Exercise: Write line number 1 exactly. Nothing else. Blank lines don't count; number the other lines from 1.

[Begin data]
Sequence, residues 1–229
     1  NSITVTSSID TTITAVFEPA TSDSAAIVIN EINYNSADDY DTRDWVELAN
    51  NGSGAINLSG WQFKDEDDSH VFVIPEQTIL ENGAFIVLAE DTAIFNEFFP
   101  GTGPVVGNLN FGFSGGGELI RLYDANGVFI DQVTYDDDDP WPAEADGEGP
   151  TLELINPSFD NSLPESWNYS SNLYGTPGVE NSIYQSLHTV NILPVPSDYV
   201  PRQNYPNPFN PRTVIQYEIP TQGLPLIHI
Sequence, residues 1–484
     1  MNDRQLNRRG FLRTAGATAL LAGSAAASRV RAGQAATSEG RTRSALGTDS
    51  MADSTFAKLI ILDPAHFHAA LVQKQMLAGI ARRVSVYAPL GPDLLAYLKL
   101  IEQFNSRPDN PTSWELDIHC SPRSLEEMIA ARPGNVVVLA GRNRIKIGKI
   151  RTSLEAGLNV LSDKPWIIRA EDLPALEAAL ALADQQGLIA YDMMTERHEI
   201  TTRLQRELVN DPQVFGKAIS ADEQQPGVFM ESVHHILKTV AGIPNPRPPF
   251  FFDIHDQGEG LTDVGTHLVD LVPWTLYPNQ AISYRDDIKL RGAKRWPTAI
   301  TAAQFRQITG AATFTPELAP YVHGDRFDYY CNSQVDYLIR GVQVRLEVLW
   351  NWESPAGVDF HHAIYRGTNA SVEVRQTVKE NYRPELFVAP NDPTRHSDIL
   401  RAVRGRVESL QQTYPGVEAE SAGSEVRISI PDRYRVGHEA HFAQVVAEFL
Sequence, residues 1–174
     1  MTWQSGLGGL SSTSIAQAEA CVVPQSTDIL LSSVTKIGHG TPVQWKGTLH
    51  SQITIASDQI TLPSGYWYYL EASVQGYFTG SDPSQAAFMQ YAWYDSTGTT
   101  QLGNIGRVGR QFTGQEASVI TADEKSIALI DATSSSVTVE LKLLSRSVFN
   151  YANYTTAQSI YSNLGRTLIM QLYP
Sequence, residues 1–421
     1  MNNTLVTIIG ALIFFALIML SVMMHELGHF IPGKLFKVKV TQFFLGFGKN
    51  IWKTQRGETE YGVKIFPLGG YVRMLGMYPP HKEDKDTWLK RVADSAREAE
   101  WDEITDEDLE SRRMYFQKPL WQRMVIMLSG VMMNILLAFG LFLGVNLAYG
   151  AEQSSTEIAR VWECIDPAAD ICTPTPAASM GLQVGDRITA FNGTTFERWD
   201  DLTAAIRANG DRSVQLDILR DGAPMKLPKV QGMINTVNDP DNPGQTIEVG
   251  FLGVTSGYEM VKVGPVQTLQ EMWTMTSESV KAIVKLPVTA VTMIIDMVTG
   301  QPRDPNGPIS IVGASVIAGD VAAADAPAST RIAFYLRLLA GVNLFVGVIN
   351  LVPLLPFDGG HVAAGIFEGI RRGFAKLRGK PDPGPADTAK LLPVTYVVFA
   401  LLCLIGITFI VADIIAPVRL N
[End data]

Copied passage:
Sequence, residues 1–229